Thursday, 1 March 2012

History, Psychoanalysis and A Dangerous Method

By Keir Waddington, Cardiff School of History, Archeaology and Religion

In using the intellectual and emotional ménage à trois between Jung, Freud and Spielrein to explore Edwardian debates about psychoanalysis, Cronenberg uses history in particular ways. While Freud himself was never interested in film, Cronenberg’s cinematic history repackages popular ideas about psychoanalysis, presenting a narrative bristling with lengthy expositions, father figures, word association, and the interpretation of dreams to feature what many believe are psychoanalysts’ core preoccupations – sexual transgression, Oedipal complexes, neurosis and suppression all wrapped in Edwardian manners. If A Dangerous Method departs from usual cinematic representations of psychoanalysts in its efforts to uncover the historical and philosophical backbone of modernity, Cronenberg’s history needs, much like the dreams recounted in the film, to be interpreted.

Leaving aside that it was Anna O, Freud’s first patient, who coined the term “the talking cure”, that Freud first used the term psychoanalysis in 1896, and that others were experimenting with his methods before Jung, including British psychiatrists who adopted aspects of “the talking cure”, Cronenberg’s beautifully composed film gets some of the story right. Certainly, Jung admired Freud’s work, notably his Interpretation of Dreams (1900), and a paternalistic and troubled relationship did develop between them. As A Dangerous Method shows, Freud considered Jung his natural successor until they fell out in 1912 for a variety of personal and professional reasons, including theoretical differences about the libido and the unconscious. Jung was interested in the occult – he wrote his doctorate on the psychopathology of the occult – and as the film shows he researched word association, though Cronenberg neglects to tell us that the relationship between Jung and Freud started after Jung sent Freud his work on word association, which he believed supported Freud’s theories. Equally, Spielrein was a patient of Jung’s at Burghölzii asylum and they did have an affair. While medical ethics at the time were more about conduct between doctors rather than between doctors and patients, and popular imagery of medical practitioners often associated them with a rapacious sexuality, Jung was dismissed when the affair with Spielrein became known. Spielrein did go on to be a colleague of Jung’s and worked with Freud before returning to Russia, while Otto Gross did have an influence on Jung, who later claimed that his entire worldview changed when he treated Gross. So far so good.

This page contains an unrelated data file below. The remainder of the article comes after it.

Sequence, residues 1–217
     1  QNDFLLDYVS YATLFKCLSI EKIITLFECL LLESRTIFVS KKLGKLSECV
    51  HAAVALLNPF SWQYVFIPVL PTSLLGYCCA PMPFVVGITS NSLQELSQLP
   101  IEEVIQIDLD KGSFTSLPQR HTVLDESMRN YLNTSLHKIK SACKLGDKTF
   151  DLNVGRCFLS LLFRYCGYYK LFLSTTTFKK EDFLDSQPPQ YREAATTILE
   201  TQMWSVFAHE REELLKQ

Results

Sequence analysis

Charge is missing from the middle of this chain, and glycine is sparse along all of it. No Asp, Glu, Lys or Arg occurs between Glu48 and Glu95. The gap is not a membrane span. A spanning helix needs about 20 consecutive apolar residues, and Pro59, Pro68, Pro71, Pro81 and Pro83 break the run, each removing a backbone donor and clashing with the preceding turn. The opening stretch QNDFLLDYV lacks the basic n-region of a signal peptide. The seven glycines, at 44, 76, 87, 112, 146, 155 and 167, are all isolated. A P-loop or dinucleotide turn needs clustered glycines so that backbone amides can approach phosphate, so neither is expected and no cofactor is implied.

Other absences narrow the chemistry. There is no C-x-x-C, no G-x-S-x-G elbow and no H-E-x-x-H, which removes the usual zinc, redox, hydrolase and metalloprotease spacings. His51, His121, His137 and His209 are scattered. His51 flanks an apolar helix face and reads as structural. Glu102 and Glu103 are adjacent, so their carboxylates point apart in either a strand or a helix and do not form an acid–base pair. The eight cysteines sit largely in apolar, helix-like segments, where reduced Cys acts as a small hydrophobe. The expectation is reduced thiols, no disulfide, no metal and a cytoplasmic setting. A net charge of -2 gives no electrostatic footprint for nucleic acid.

At one level, Cronenberg might be forgiven for not giving the viewer much of the context of Freud and Jung’s ideas. While this is hard to do in a film, it does mean that Cronenberg’s history is a selective one, particularly with regard to how many continental psychiatrists at the time were becoming concerned with new theories of the mind – both organic interpretations associated with neuropathology and more psychotherapeutic models. As the film suggests, work therapy and hydrotherapy were employed in asylums; restraint was used for violent patients, but psychiatrists other than Freud and Jung, particularly those in France and Germany, were also turning to new approaches with a new group of neurotic and hysterical patients who it was felt were amenable to psychodynamic treatments. Equally, the period saw new theories about sexuality and an interest in ‘sexual inversions’ or perversions.